According to the Bureau of Labor Statistics (BLS), “transportation and warehousing lost 22,000 jobs in February, including 9,000 in truck transportation. Employment in transportation and warehousing is down by 42,000 since October 2022.”
The future of the industry looks rather bleak, according to this data. However, the BLS numbers only paint part of the picture.
Let's take a closer look at supply chain trends, predictions and the current state of the labor market.
Reallocation of transportation and warehousing jobs
The recent loss of transportation and warehousing jobs is relative to the expanded growth during the pandemic. BLS trendlines show a significant period of job growth from April 2020 to October 2022 due to the increased need for these workers. In the past six months, employers have been rightsizing their workforce now that the pandemic’s influence on consumer behavior has subsided.
The increase in online shopping, as well as the need for personal protective equipment (PPE), was a big instigator of the COVID-19 hiring frenzy. With more consumers stuck at home and buying online, the need for transportation and warehouse workers surged. Employers hired rapidly to keep up with this unprecedented demand, and now they are shedding these surplus jobs as people return to the stores.
Truck drivers will always be in high demand, however. Even though the BLS shows 9,000 fewer trucking jobs were added in February, there will always be a shortage of CDL drivers.
Manufacturing: A mixed bag
Manufacturing jobs also show a significant period of growth from April 2020 to October 2022, though unlike transportation and warehousing, it has experienced marginal growth over the last four months.
“Manufacturing employment changed little in February (-4,000), compared with an average monthly gain of 21,000 over the prior six months. Despite this, employment in manufacturing has expanded by 150,000 jobs since its most recent January 2019 peak,” the BLS reports.
In March 2023, six manufacturing industries reported growth while 12 reported contraction. Two of the biggest manufacturing industries registered growth in March.
The recent increase in retail shopping (vs. online shopping) has marginally increased the demand for manufacturing jobs. In order for retailers to optimize their customer demand, inventory and supply chain management, they must consider all manufacturing options.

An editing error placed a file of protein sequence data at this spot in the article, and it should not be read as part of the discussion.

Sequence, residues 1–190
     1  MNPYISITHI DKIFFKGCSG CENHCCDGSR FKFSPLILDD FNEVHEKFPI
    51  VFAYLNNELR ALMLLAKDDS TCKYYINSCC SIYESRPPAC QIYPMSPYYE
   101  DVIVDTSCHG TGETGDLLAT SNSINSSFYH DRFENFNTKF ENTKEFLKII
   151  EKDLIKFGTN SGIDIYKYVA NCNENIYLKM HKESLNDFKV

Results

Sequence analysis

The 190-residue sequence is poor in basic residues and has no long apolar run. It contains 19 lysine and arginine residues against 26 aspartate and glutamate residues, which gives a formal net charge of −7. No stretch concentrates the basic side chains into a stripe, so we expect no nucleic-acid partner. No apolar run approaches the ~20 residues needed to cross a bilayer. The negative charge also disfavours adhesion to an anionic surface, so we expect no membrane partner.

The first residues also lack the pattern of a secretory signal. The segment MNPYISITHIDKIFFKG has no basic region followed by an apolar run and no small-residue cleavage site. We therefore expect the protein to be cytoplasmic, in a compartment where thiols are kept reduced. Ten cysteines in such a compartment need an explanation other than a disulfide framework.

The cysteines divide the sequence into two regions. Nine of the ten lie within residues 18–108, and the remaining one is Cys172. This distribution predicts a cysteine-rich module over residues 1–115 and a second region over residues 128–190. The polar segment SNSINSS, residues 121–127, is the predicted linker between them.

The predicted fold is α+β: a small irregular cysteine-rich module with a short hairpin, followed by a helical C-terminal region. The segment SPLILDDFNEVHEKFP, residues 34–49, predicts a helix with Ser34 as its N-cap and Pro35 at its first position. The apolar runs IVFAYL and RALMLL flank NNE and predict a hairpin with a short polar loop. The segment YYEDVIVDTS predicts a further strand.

Just-in-time (JIT) manufacturing and just-in-case (JIC) manufacturing are two production strategies that companies use to manage their inventory and supply chain. JIT manufacturing is a system in which materials and components are delivered to the production line just as they are needed. This allows companies to avoid the costs and inefficiencies of holding large amounts of inventory, and to reduce waste by producing only what is needed.
JIC manufacturing, on the other hand, involves maintaining a certain level of inventory in case of unexpected disruptions to the supply chain. This approach can provide a buffer against potential shortages, but it also incurs the costs of storing and managing the additional inventory.
“Input prices faced by manufacturing firms increased drastically through the first quarter, as higher raw material costs pushed operating expenses up. Even so, the rate of cost inflation eased, and manufacturing firms remain upbeat in their expectations regarding the outlook for output over the coming 12 months,” according to S&P Global’s U.S. Manufacturing PMI.
Consumer spending patterns
Customer demand hasn’t subsided, it has shifted. Inflation is a large contributor to increased consumer spending as the price of essential goods goes up.
Consumer spending is up, but spending patterns are swinging more towards services than goods. As the supply chain continues to normalize post-COVID-19, and post-economic downturn, spending patterns are expected to change, and because of the progress made by retailers with their inventory glut, the industry looks ripe for a more normal Q4 experience. Unfortunately, inflation is here to stay for the foreseeable future driven by many factors, one in which is wage inflation as labor shortages and declining participation rates continue to hamper the industry.